If you want to make a perfect cup of coffee at home, there’s a general guideline called the Golden ratio, you can get the ratio of coffee to water and know how much coffee per cup.
In order to follow the Golden ratio, you can use a scale to easily measure the amount of coffee. Sometimes you may want to have a quick and stress-free morning coffee routine without a scale, a coffee scoop will help you with this scenario. So this article will show you
- What’s the perfect coffee to water ratio of making a perfect cup of coffee?
- How to measure coffee with a coffee scoop?
- How to choose a good scoop?
How to make a perfect cup of coffee?
Come with the SCAA Golden cup standard, they recommended 55 grams of coffee per liter. That’s to say, for one cup, it’s 0.36 ounces of ground coffee for every 6 oz of water which is approximately 10.6 grams of ground coffee for 180ml water. Due to different types of coffee and brew methods, the coffee to water ratio could be around 1:15 to 1:18 ratio, depending on your personal taste preference, you can do the 1:15 if you like the strong flavor.
How many tablespoons of a coffee scoop?
On the market, you can find several types of coffee scoops. The most common coffee scoop sizes are 1 tablespoon and 2 tablespoons, 1 tablespoon of coffee beans or ground coffee is about 5 grams or 0.18oz. So, for a 6-ounce cup, you use 2 tablespoons of coffee. If you want to make a cup of coffee without using a scale, you should make sure the coffee scoop you use is equal to 2 tablespoons.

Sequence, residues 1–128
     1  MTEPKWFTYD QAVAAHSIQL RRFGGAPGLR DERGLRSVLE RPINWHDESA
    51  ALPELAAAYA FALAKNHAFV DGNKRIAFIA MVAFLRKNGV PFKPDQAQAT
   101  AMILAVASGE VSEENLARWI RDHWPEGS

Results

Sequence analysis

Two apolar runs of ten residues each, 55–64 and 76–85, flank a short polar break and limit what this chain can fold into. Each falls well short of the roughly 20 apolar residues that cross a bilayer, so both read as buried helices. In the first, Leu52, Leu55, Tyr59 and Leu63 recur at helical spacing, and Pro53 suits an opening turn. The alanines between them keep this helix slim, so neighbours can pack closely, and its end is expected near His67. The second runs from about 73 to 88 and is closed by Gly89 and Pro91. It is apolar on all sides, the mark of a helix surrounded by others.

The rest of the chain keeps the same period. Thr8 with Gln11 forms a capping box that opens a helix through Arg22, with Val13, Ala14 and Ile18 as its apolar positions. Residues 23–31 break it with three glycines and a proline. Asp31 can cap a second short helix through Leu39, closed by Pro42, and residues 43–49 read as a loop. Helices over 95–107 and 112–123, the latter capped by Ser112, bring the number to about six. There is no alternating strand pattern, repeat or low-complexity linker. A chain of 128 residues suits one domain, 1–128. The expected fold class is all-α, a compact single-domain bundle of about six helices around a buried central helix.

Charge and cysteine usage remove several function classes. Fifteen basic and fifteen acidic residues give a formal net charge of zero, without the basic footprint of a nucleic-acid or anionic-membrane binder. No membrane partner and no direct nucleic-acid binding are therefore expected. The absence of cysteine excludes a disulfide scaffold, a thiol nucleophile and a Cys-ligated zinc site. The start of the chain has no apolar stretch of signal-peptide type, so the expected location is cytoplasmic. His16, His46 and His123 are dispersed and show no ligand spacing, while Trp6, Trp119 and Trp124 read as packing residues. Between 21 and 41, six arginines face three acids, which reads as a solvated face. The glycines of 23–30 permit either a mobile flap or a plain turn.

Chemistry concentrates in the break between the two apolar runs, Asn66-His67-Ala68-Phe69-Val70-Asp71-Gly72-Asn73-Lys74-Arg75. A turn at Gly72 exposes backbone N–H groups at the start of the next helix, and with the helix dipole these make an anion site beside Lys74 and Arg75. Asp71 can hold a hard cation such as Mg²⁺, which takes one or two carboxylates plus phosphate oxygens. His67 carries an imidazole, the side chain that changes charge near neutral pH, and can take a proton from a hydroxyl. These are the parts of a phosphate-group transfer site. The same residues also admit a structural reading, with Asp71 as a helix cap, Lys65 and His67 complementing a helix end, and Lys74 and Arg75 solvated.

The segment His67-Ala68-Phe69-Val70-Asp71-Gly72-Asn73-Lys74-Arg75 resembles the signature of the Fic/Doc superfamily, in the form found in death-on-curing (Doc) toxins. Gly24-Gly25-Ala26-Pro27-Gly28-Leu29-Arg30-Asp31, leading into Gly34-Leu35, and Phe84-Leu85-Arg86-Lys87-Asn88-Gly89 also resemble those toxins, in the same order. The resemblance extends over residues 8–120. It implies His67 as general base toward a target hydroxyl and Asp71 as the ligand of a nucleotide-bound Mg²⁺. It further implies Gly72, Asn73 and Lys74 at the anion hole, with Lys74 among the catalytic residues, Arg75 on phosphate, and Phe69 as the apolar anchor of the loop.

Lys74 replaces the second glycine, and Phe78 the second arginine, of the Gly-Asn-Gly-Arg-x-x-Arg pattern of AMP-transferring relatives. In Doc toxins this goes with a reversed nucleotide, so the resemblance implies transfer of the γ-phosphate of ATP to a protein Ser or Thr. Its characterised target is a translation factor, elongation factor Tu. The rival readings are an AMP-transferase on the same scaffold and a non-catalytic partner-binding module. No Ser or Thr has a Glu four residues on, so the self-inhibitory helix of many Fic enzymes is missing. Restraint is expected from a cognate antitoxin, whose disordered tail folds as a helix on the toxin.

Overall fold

What’s the difference between different types of coffee scoops?
Every coffee scoops have different measurements even if it's the same tablescoop but might show the different grams. I know it’s confusing, so choosing the right one that suits your needs is the most important thing for making a cup of coffee.
The plastic coffee scoop is the one you usually see that comes with the coffee bag you buy. It’s simple, short, and can easily fit in the coffee bag, so you don’t miss it. If you want to enjoy a high-quality cup of coffee every morning without using a scale, it might turn you down. It’s a 15-gram coffee scoop but if you use a scale to measure it every time you scoop, it has a more significant deviation than you imagined.
View A coffee scoop you wish you had known earlier for more numerical data comparison of ordinary coffee scoops and 2-in-1 coffee scoop
There are not only plastic coffee scoops but also stainless steel scoops and wooden scoops, depending on which kind of material you like for scoops. Of course, the stainless steel scoop and the wooden scoop weigh more than the plastic scoop, which you may need to consider. If you have canisters that are bigger than average, the long stainless steel scoops could fit your needs, but keep in mind, compared to short scoops, the longer scoops need more application of force.
No matter plastic scoops, stainless steel scoops, or wooden scoops have deviations, every time you scoop up the coffee, it may be more or less than the original capacity of the scoop, which will cause your coffee quality to be inconsistent every time. SO, how to choose a coffee scoop that can measure coffee precisely? A 2-in-1 smart coffee scoop may suit your needs.
For a more advanced level of brewing coffee, you may want one that is more precise and as handy as the one you have been using. With the lid slides over, the 2-in-1 smart coffee scoop measures more accurately than the ordinary one, and none of the coffee beans or ground coffee fall out as you remove them from the canister/ bag. The capacity of a 2-in-1 smart coffee scoop is 2 tablespoons so you only need to fill it once to make a golden cup of coffee.
Now you know how to choose a coffee scoop, there are key elements of making a perfect cup of coffee.
- Golden ratio of coffee to water is 1:15-1:18, depending on your preference.
- Apply a scale, if you want to make it precise.
- 2 tablespoons weigh approximately 10.6 grams of coffee.
- Use 2 tablespoons to make a 6 oz cup of coffee.
- Make sure your coffee scoop size is equal to 2 tablespoons of coffee.